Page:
A petition to exempt small venues from “prohibitive” licensing fees has been circling the Internet. Since its first signature on May 30th, the petition has garnered 1,844 signatures (just 166 away from their NEW goal of 2,000).
The petition requests PROs “grant venues and cafes under 350 capacity exempt status from the prohibitive licensing fees levied by ASCAP, BMI and SESAC for the public performance of copyrighted material.”
Hosted on MoveOn.org, the petition is addressed to Paul Williams, ASCAP’s President of the Board, Michael O’Neill, BMI’s President and CEO, Pat Collins, SESAC’s President and Co-CEO, and John Josephson, SESAC’s Chairman and Co-CEO.
A number of the petition’s supporters are themselves members of these PROs.
Signatories’ comments all deliver a united message: communities and musicians alike suffer from the current small venue licensing fees.
“In our community of 6,700, it’s prohibitive to ask for large licensing fees to perform music. Don’t eliminate music from our lives.” said Nancy Thornburn of Fort Bragg, CA.
William Kiel commented from Alamo Heights, TX, “Our local music venue was closed after 25 yrs due to ASCAP policies. [These fees] will destroy the very thing ASCAP supposedly wants to protect, the song writers and their wonderful music.”
Small businesses often aren’t able to pay PRO licensing fees, and ultimately stop hosting live music, regardless of whether potential acts are playing original music or not–all it takes is one person playing one copyrighted song for the risk to outweigh the benefits of live music.
Bauhaus Kaffee is a small establishment in Farmington, MO (pop. 18,000) that was directly affected by these licenses. When ASCAP found out they hosted occasional live music, the PRO contacted them and threatened a lawsuit if the coffee house didn’t pay the $600 yearly license fee (determined by the fire department’s set capacity of 96, although they only seat 55).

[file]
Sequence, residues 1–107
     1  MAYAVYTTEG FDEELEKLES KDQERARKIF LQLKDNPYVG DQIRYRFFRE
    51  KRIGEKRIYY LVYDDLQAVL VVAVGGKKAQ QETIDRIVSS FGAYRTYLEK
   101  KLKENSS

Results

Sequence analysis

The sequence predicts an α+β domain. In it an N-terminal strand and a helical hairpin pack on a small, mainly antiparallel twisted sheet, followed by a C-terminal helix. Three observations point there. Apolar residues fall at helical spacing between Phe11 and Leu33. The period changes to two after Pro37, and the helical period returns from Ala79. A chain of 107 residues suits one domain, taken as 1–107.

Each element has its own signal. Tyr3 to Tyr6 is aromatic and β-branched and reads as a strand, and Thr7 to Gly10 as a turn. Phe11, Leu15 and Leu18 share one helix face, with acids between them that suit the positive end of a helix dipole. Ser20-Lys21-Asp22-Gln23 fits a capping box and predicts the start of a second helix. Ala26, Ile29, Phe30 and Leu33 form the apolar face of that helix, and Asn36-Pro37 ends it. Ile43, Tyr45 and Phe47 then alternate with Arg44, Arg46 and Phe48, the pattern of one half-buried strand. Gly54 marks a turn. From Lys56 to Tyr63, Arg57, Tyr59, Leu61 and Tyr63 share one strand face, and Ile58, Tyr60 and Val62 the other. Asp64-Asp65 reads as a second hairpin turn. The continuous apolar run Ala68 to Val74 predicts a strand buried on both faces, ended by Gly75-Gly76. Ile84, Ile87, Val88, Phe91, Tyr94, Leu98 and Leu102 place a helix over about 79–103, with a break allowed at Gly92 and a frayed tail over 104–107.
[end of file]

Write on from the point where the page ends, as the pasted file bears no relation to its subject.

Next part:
Next, BMI requested $500, and then SESAC requested just over $700.
This meant the coffee shop was paying $1,800 per year to host an occasional live music night.
The owners of Bauhaus spoke with the PROs, explaining the musicians they hosted played only original music. No luck: the owners were still required to pay the fees in case a preexisting song was performed. Ultimately, the $1,800 proved to be too much for the small, independent coffee shop, and the town’s primary venue shutdown their music.
Choices like these are happening throughout the U.S. — many of the petition’s comments tell the same story of small venues reluctantly shuttering their live music events because of cost-prohibitive fees charged by the major PROs on a ‘just in case’ condition.
ASCAP musician Ari Herstand wrote about the fees, saying he would rather take an unnoticeable cut in his monthly royalty check and let music in small communities thrive.
“I’m an ASCAP songwriter. I appreciate the ASCAP checks I receive. I know that a tiny, minuscule fraction of that $600 that Bauhaus paid went to me. But at the same time, I don’t want my performing rights organization to force small businesses offering a service to the community to stop.”
What do you think? Should ASCAP, BMI and SESAC continue with their concurrent licensing fees for venues of 350 capacity or less, or should the PROs exempt such small businesses?